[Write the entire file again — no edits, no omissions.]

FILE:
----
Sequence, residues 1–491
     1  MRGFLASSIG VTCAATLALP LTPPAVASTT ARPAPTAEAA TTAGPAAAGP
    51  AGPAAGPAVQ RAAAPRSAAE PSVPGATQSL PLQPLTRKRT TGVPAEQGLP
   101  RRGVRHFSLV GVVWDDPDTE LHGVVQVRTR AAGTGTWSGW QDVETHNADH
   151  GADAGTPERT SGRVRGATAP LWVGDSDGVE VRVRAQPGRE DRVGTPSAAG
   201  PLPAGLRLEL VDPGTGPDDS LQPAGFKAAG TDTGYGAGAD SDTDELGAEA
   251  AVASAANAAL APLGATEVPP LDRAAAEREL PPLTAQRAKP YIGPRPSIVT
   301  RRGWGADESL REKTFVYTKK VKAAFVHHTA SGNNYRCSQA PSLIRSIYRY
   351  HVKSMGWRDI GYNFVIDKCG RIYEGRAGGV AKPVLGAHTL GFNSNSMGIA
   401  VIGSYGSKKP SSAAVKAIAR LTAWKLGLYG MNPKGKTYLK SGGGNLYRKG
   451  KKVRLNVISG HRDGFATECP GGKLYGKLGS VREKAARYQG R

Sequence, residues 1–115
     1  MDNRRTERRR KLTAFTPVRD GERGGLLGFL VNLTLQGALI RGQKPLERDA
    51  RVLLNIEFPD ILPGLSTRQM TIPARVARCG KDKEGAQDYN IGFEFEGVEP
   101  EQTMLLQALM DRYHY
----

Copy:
Sequence, residues 1–491
     1  MRGFLASSIG VTCAATLALP LTPPAVASTT ARPAPTAEAA TTAGPAAAGP
    51  AGPAAGPAVQ RAAAPRSAAE PSVPGATQSL PLQPLTRKRT TGVPAEQGLP
   101  RRGVRHFSLV GVVWDDPDTE LHGVVQVRTR AAGTGTWSGW QDVETHNADH
   151  GADAGTPERT SGRVRGATAP LWVGDSDGVE VRVRAQPGRE DRVGTPSAAG
   201  PLPAGLRLEL VDPGTGPDDS LQPAGFKAAG TDTGYGAGAD SDTDELGAEA
   251  AVASAANAAL APLGATEVPP LDRAAAEREL PPLTAQRAKP YIGPRPSIVT
   301  RRGWGADESL REKTFVYTKK VKAAFVHHTA SGNNYRCSQA PSLIRSIYRY
   351  HVKSMGWRDI GYNFVIDKCG RIYEGRAGGV AKPVLGAHTL GFNSNSMGIA
   401  VIGSYGSKKP SSAAVKAIAR LTAWKLGLYG MNPKGKTYLK SGGGNLYRKG
   451  KKVRLNVISG HRDGFATECP GGKLYGKLGS VREKAARYQG R

Sequence, residues 1–115
     1  MDNRRTERRR KLTAFTPVRD GERGGLLGFL VNLTLQGALI RGQKPLERDA
    51  RVLLNIEFPD ILPGLSTRQM TIPARVARCG KDKEGAQDYN IGFEFEGVEP
   101  EQTMLLQALM DRYHY